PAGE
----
“Eroticism is an antidote to death.”
- is a tested topic sentenc in sexualpsychology.
It points to a quality of aliveness that we experience in intense connection, discovery, or accomplishment.
Love rests on two pillars: surrender and autonomy. Our need for togetherness exists alongside our need for separateness. One does not exists without the other. With too much distance, there can be no connection. But too much merging eradicates the separateness of two distinct individuals. Then there is no thing more to transcend, no bridge to walk on, no one to visit on the other side, no other internal world to enter. When people become fused - when two become one - connection can no longer happen. There is no one to connect with. Thus separateness is a recondition for connection: this is the essential paradox of intimacy and sex
Thus the psychology of our desire often lies buried in the details of our childhood, and digging through the early history of our lives uncovers its archaeology. We can trace back to where we learned to love and how. Did we learn to experience pleasure or not, to trust others or not, to receive or be denied? Were our parents monitoring our needs or were we expected to monitor theirs? Did we turn to them for protection, or did we flee them to protect ourselves? Were we rejected? Humiliated? Abandoned? Were we held? Rocked? Soothed? Did we learn not to expect too much, to hide when we are upset, to make eye contact? In our family, we sense when it’s OK to thrive and when others might be hurt by our zest. We learn how to feel about our body, our gender, and our sexuality. And we learn a multitude of other lessons about who and how to be: to open up or to shut down, to sing or to whisper, to cry or to hide our tears, to dare or to be afraid.This is called the erotic blueprint. Tell me how you were loved, and i will tell you how you love.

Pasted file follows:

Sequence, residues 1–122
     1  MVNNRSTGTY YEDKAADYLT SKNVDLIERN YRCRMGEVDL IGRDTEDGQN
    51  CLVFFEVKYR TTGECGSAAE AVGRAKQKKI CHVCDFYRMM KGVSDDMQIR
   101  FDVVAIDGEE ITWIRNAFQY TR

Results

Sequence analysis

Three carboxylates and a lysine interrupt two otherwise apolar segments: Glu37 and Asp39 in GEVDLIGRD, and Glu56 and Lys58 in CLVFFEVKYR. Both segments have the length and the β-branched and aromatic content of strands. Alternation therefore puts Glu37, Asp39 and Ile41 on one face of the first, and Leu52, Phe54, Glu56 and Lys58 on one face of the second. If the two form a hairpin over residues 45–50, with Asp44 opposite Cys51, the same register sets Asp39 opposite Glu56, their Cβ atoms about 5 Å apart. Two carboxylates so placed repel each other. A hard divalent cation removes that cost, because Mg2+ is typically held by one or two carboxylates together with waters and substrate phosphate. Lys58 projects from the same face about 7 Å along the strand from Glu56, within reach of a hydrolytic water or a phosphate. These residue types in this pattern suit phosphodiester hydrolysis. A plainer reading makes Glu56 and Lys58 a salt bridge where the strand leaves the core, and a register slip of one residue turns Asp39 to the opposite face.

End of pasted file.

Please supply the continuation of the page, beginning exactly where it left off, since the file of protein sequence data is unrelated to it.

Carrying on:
So when a couple seek counceling desperatly, dejected, enraged they don’t just miss sex, the act; they miss the feeling of connection, playfulness, and renewal that sex allows them. I invite you to join me in my Exhibition as we work toward opening up and coming a step closer to transcendence. Today, our sexuality is an open-ended personal project; its starts with our birth and ends with our death. It is no longer merely something we do, it is part of who we are, an identity.
So this is a journey towards ones self. And this is so remarkably captured in the book of the French psychologist Jacques Salomé who talks about the need to develop a personal intimacy with one’s own self as a counterbalance to the couple. There is beauty in an image that highlights a connection to oneself, rather than a distance from one’s partner. In our mutual intimacy we make love, we have children, and we share physical space and interests. Indeed, we blend the essential parts of our lives. But “essential” does not mean “all.” Personal intimacy demarcates a private zone, one that requires tolerance and respect. It is a space—physical, emotional, and intellectual—that belongs only to me. Not everything needs to be revealed. Everyone should cultivate a secret garden.